Comprehensive Addiction and Recovery Act

Last Updated: Feb 24th 2020

Reviewed by Brittany Polansky, MSW, LCSW

Comprehensive Addiction and Recovery Act

In our highly polarized political era, it is pretty uncommon to hear about truly bipartisan legislation, much less a bill that passes with an almost unanimous vote from the United States Senate. Unbelievably, though, such a thing happened just recently—and thankfully, it was for a bill that addresses the ongoing problem of opiate addiction head-on.

The bill in question is called the Comprehensive Addiction and Recovery Act, and aims to change the way we look at the opiate epidemic; rather than view it as a criminal issue, or as something to be punished, CARA seeks to address opiate addiction as a healthcare problem, one best approached with clinical compassion.

The bill enables government agencies to invest more money than ever before into addiction recovery programs. It was developed over the span of three years and passed a Senate vote with almost a clean sweep—94 to 1, to be exact. Now, CARA needs to be approved by the House of Representatives before it is made law.

It is important to note that his legislation, though by no means a “cure” for the opiate addiction epidemic, has been met with a favorable response from those in the mental health and addiction recovery communities. Because it provides resources for addiction recovery services at state and local levels, it has been identified as a step in the right direction in addiction care—away from the punitive approach of decades past.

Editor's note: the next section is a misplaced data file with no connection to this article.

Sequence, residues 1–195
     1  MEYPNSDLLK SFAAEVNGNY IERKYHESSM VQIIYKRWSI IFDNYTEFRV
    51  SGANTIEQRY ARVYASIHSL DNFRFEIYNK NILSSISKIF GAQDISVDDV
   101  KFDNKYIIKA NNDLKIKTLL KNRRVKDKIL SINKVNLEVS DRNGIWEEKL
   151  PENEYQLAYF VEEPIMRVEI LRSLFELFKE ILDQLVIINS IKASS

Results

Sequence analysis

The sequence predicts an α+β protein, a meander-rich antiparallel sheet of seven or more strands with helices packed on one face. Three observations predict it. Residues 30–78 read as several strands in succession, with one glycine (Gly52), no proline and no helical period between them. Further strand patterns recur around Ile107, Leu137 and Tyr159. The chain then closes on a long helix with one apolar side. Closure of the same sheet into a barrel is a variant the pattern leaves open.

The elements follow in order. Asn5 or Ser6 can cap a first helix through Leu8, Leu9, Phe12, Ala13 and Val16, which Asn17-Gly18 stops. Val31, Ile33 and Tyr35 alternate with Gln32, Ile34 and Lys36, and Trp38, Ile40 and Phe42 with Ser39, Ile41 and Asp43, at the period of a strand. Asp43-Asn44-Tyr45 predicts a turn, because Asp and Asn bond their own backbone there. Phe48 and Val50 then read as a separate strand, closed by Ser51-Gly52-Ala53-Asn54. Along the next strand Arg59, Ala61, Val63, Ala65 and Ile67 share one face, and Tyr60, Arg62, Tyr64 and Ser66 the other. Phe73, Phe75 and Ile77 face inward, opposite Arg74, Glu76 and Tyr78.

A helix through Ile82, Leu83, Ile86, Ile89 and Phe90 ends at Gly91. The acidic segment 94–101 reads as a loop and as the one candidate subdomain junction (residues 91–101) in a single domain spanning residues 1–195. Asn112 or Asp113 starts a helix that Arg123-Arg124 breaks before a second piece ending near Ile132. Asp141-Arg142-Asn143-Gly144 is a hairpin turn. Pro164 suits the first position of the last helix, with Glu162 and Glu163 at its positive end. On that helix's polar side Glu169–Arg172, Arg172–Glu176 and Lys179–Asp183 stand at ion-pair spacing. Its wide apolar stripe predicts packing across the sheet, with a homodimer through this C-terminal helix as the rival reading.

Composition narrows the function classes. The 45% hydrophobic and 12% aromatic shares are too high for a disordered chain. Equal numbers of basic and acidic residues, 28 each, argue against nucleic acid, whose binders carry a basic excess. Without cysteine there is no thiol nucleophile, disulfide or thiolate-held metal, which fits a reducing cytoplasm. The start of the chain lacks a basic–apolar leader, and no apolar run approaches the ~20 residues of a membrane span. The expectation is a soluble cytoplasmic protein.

Many of these addiction recovery organizations are urging citizens to contact their representatives and ask for the bill to be approved—and we join beside them. CARA is not perfect, but it is progress—and it could make a positive difference in countless lives. Make sure you contact your representatives today; let them know how much CARA matters!

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Reviewed for Medical & Clinical Accuracy by Brittany Polansky, MSW, LCSW

Brittany has been working in behavioral health since 2012 and is the Assistant Clinical Director at our facility. She is an LCSW and holds a master’s degree in social work. She has great experience with chemical dependency and co-occurring mental health diagnoses as well as various therapeutic techniques. Brittany is passionate about treating all clients with dignity and respect, and providing a safe environment where clients can begin their healing journey in recovery.